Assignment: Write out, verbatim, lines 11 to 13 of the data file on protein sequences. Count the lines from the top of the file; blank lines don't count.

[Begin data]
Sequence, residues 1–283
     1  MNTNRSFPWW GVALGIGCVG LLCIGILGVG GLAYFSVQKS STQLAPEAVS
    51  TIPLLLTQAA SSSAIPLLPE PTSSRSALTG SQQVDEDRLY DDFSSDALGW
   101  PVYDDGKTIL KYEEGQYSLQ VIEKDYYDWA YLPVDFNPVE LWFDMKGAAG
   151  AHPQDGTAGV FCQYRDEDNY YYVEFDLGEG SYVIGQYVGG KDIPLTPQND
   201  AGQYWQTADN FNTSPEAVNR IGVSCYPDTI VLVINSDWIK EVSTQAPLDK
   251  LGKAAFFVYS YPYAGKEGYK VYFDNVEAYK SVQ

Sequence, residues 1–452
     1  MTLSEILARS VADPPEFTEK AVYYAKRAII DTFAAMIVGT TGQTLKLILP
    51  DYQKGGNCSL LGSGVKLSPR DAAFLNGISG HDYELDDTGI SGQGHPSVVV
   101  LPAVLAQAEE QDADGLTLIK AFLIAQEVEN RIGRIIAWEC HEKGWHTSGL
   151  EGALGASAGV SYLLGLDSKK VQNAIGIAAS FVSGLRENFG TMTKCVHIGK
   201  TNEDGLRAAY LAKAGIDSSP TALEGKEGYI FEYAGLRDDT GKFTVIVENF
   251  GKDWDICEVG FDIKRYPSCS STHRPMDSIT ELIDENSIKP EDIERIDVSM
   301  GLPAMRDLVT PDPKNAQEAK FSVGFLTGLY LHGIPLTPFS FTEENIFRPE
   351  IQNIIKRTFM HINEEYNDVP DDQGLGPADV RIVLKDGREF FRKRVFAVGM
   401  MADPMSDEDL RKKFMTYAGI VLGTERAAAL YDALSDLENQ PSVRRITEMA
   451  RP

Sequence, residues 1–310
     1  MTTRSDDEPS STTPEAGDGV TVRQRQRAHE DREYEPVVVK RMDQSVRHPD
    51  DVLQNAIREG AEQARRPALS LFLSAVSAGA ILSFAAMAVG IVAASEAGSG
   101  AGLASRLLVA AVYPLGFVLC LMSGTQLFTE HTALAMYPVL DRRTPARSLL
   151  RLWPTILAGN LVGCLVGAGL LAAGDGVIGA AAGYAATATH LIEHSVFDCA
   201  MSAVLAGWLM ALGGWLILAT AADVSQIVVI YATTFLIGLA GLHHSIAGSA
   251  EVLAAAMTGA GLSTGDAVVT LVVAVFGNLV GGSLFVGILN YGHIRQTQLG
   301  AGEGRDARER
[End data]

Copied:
   101  LPAVLAQAEE QDADGLTLIK AFLIAQEVEN RIGRIIAWEC HEKGWHTSGL
   151  EGALGASAGV SYLLGLDSKK VQNAIGIAAS FVSGLRENFG TMTKCVHIGK
   201  TNEDGLRAAY LAKAGIDSSP TALEGKEGYI FEYAGLRDDT GKFTVIVENF